guarded by an #ifdef OCAML_COMPILE to make sure the source can be
included as-is into different projects.

The following defines a higher order (curried) function, which cannot
be translated.

# .!{Trx.run_gcc}(.< fun a b -> a + b >.) ;;
Can't translate function return type in  <int -> int>
Can't run sth that is not a function
   or is not of int type; you passed <int -> int -> int>
Fatal error: exception Typecore.Error_Translation_type_check_subset

Replacing + by +. (Ocaml's numeric operations are not polymorphic
between ints and floats) generates floating point code:

# .!{Trx.run_gcc}(.< fun (a, b) -> a +. b >.) ;;
- : float * float -> float = <fun>

  double procedure(double a_1 , double b_2 )
    return a_1 + b_2;

Arrays are supported: Ocaml's arrays map to C arrays.

# .!{Trx.run_gcc}.<fun x -> x.(0) + 123>. ;;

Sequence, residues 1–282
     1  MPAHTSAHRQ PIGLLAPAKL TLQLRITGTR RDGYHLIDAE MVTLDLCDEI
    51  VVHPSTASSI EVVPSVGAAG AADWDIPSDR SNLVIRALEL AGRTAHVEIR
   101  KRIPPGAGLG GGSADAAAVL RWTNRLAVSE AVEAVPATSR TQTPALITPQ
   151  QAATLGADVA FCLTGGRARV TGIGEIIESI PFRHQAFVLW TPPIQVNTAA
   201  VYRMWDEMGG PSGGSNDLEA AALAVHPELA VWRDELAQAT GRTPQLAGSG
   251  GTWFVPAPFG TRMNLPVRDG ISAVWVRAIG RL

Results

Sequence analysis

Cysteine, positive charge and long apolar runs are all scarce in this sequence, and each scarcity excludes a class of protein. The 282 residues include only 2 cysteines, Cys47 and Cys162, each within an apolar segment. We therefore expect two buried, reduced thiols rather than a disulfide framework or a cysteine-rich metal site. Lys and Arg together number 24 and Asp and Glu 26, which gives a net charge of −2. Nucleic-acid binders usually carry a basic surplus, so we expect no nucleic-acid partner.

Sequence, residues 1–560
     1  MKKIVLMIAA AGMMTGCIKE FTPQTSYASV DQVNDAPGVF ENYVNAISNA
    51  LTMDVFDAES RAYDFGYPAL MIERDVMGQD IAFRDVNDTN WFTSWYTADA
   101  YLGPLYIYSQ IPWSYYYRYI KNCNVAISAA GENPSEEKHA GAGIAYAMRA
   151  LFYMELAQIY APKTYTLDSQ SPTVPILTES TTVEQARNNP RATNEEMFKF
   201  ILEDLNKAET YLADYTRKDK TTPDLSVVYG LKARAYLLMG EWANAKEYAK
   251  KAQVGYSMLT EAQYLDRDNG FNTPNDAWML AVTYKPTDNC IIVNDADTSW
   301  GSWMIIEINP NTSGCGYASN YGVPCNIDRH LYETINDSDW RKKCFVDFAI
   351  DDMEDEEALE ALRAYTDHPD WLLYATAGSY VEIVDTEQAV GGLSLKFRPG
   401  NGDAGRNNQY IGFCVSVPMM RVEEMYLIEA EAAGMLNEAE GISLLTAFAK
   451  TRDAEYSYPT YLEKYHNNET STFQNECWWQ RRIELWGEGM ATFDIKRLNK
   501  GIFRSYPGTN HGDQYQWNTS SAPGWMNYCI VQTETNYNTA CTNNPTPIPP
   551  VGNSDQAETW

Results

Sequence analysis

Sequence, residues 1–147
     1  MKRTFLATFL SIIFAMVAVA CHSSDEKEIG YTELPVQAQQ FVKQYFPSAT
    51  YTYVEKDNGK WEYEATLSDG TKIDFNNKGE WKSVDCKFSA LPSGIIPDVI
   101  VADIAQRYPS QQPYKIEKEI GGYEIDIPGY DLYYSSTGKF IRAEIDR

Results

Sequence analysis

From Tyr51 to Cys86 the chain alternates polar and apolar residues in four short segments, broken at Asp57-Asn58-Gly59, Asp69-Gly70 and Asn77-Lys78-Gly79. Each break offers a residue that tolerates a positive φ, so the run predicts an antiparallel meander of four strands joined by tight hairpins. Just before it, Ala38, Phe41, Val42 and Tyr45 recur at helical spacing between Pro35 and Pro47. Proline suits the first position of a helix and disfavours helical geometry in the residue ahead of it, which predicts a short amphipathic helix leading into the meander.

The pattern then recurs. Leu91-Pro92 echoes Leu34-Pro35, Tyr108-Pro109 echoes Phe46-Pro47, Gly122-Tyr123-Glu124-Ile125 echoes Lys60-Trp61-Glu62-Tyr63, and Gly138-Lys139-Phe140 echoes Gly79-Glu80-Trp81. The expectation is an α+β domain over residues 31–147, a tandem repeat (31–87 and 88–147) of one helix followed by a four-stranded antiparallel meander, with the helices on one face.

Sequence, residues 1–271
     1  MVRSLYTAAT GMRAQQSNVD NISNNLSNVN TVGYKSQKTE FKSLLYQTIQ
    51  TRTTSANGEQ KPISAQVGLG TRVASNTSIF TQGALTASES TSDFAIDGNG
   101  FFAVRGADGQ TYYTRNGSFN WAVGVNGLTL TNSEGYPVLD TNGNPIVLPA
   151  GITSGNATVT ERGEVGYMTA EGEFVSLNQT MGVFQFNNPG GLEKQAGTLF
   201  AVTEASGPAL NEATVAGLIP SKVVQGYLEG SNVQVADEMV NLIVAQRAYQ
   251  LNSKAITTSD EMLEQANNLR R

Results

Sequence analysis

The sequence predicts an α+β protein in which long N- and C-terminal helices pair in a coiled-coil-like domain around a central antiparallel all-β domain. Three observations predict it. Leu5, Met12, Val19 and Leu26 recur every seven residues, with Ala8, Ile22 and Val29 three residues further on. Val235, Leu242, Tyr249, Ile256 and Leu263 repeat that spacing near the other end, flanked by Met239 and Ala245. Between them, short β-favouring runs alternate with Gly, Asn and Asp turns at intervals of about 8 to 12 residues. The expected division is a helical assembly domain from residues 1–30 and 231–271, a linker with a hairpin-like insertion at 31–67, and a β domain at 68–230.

- : int array -> int = <fun>

  int procedure(int *  x_1 )
    return x_1[0] + 123;

The looping construct supported is Ocaml's "for" loop.  Note that
functions cannot return void (unit) so this includes a dummy "0"
expression after the side-effecting array element assignment loop.

# .!{Trx.run_gcc}.<fun x -> for i=0 to 99 do x.(i) <- 123 done ; 0>. ;;
- : int array -> int = <fun>

  int procedure(int *  x_1 )
    int i_2 ;
    for(i_2 = 0; i_2 <= 99; i_2++)
      x_1[i_2] = 123;
    return 0;

Options can be passed to gcc like this:

# ( .!{Trx.run_gcc with compiler_flags="-g -O2";
                  .<fun x -> x + x>.) 2;;
 - : int = 4

The following examples use a file called /tmp/test.ml which when
loaded generates test.c as a side effect.

  #use "/tmp/test.ml" ;;

This assumes the .ml file contains a line

  let p = .!{Trx.run_gcc}procedure

at the end, where "procedure" is bound to the code object that needs
to be offshored.


Creating parameterized code can be done using two mechanisms:
explicit excape (unquote) and cross-stage persistence.

The simplest example I can think of is a specialized addition

  let make_adder c = .< fun x -> x + .~c >.
  let procedure = make_adder .< 123 >.

The following C code is produced from the code above:

  int procedure(int x_1 )